- Your product is not as advertised. It’s faulty, doesn’t fulfill its purpose, or can be dangerous to people and the environment.
- You’re actively profiting from a culture without contributing to its prosperity or acknowledging its struggles.
- You’re falsely supporting marginalized groups and using performative marketing campaigns only to reach your goals, forgetting everything about them afterward, or actively supporting harmful rhetoric.
- You’re actively lying about donating to charities and supporting important causes, e.g., the endless number of companies that talk about being eco-friendly and carbon neutral while still actively harming the environment.
Simply put, if you have bad intentions and are putting false emotions in your campaign, people will know, and it will only harm your business in the long run. Don’t promise things you cannot fulfill; always work with certified experts to avoid unfortunate situations.
Creating an Emotional Marketing Strategy in 6 Steps
Since emotional marketing can be quite stirring and risky, using a professional is widely recommended if you have no experience.
1. Define your end goals.
Defining your end goals is easily the most critical part of the process and will influence all your other decisions.
- Are you trying to improve customer retention?
- Do you want to promote a new product?
- Is this a campaign that you want to do regularly?
- Are you trying to raise awareness of a particular issue?
If you’re starting your campaign to improve brand awareness or turn your audience’s attention towards an important issue, such as global warming, you shouldn’t expect a lot of ROI.
On the other hand, if you’re looking to promote a new product, you need to make the extra effort and ensure that all the money you spend will go towards conversions.
2. Research your audience thoroughly.
You can lose loyal customers in a second if your campaign sends the wrong message — whether intentional or not. When you think about the pain points you want to tackle, make sure your decision is based on heavy research and not outdated knowledge or guesses.
For example, sports companies love to use famous athletes to promote their products. But they have to be very careful. It will be very harmful to use a controversial figure that doesn’t have a good reputation, no matter how good of an athlete they are.
Researching your customers is crucial for every other aspect of the marketing campaign. For example, it will help you choose the best platform — you could create a social media campaign, a billboard, a TV ad, or a newsletter.
If it’s a localized ad, you can choose a topic that will have a more significant emotional impact on that demographic. Local campaigns are also usually very successful. An excellent example is this reactive marketing from Domino’s after the Lionesses’ incredible victory at Wembley in August.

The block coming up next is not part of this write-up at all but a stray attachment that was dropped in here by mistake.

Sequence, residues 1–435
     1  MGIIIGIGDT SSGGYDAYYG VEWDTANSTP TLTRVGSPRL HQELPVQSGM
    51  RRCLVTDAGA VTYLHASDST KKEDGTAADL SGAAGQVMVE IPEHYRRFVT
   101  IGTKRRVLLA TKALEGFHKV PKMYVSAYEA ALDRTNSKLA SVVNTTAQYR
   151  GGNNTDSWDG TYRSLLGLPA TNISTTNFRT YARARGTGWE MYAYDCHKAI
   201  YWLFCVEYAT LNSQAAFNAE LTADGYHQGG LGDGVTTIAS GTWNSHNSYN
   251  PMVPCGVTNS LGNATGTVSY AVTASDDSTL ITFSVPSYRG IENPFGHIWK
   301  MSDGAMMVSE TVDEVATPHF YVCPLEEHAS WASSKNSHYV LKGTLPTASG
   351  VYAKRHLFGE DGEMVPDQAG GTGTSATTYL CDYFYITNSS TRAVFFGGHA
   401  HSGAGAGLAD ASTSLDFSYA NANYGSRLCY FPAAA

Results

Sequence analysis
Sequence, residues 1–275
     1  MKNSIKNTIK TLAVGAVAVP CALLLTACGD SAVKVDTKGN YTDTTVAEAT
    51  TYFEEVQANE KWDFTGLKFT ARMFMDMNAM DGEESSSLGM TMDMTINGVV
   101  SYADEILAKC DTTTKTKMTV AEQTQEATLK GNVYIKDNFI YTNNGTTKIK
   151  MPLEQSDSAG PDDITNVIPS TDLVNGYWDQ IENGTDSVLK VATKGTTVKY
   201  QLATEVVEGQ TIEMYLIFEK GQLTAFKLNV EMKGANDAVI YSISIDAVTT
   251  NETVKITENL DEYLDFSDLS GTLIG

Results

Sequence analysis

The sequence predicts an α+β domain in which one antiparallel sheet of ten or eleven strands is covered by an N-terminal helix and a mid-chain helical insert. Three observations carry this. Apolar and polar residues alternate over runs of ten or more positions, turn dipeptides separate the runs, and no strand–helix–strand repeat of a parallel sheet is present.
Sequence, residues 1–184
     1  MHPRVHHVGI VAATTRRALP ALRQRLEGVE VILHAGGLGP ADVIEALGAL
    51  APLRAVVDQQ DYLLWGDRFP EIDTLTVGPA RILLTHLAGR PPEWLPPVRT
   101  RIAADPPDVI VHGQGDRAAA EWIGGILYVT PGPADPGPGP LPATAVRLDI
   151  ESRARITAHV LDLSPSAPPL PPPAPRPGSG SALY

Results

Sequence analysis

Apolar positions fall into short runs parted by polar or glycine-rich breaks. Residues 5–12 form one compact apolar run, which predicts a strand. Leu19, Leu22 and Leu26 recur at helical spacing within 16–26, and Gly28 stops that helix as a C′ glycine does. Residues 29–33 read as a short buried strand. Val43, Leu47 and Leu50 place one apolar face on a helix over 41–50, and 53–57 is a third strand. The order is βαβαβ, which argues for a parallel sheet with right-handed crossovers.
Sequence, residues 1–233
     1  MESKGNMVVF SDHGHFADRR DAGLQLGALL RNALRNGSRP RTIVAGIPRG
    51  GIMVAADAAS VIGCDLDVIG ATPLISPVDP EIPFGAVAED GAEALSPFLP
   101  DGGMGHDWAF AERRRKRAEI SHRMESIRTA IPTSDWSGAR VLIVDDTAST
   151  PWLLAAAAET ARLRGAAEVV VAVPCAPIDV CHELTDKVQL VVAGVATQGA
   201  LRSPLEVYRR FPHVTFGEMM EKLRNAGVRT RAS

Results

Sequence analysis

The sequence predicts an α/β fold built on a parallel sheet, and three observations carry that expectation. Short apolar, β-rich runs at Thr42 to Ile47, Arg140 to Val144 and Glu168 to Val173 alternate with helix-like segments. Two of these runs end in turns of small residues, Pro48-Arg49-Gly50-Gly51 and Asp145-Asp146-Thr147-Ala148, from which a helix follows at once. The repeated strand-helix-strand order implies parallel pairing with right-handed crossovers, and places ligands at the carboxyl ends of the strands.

Source: Domino’s Pizza UK
This event was highly emotional for many people in the UK, so brands immediately started producing content such as billboards and ad campaigns based on that, catching that sense of pride and making people come together.
3. Think about the type of emotional response you want to create.
You need to ask yourself several important questions when you start brainstorming your campaign.
- What kind of emotions are you able to create?
- How will these specific emotions lead people to a purchasing decision?
- Is this campaign something that you can leverage in the future?
The emotions you choose will affect the entire tone of your campaign, the colors you choose, and the words you include. They will be the backbone on which you will base many of your decisions.
4. Consult with niche experts to make sure everything is done right.
The last thing you want as a result of your marketing campaign is for you to disrespect your target demographic instead of connecting with them. If you’re talking about environmental change, contact an expert scientist or certified professional to help you review the facts and present your case correctly.
The same rule applies to every campaign that tries to tackle an important issue, be it racism, homophobia, misogyny, climate change, native lands, etc. Hire people that represent that audience, and don’t try to guess whether something will work. Be on the safe side.
5. Test your campaign on a smaller audience before launch.
Have you ever looked at an ad and asked yourself, “Did no one look at this before putting it on TV?”
This is what you’re trying to avoid.
For example, if you’re creating an ad targeting women and women’s issues, gather all of your female colleagues, family, and friends, and ask them what they think. You would be surprised how many things can be missed, especially if you have been working on the campaign for a long time.
6. Decide which medium will fit your needs.
Even though I am listing all of these steps in a specific order, the truth is that this last one doesn’t really have a place. It could be the first thing you think about, or it could be the last.
It all depends on your priorities. If you want to increase brand awareness on a national level but don’t have the budget for a TV ad, you can try out YouTube or Facebook.
If you want the message to reach a young audience, then a social media marketing campaign would be the best choice, Facebook excluded.
Simply put, you need to think of everything at once when you start wondering which is the best channel for this particular campaign. Here are the main factors that will help you choose: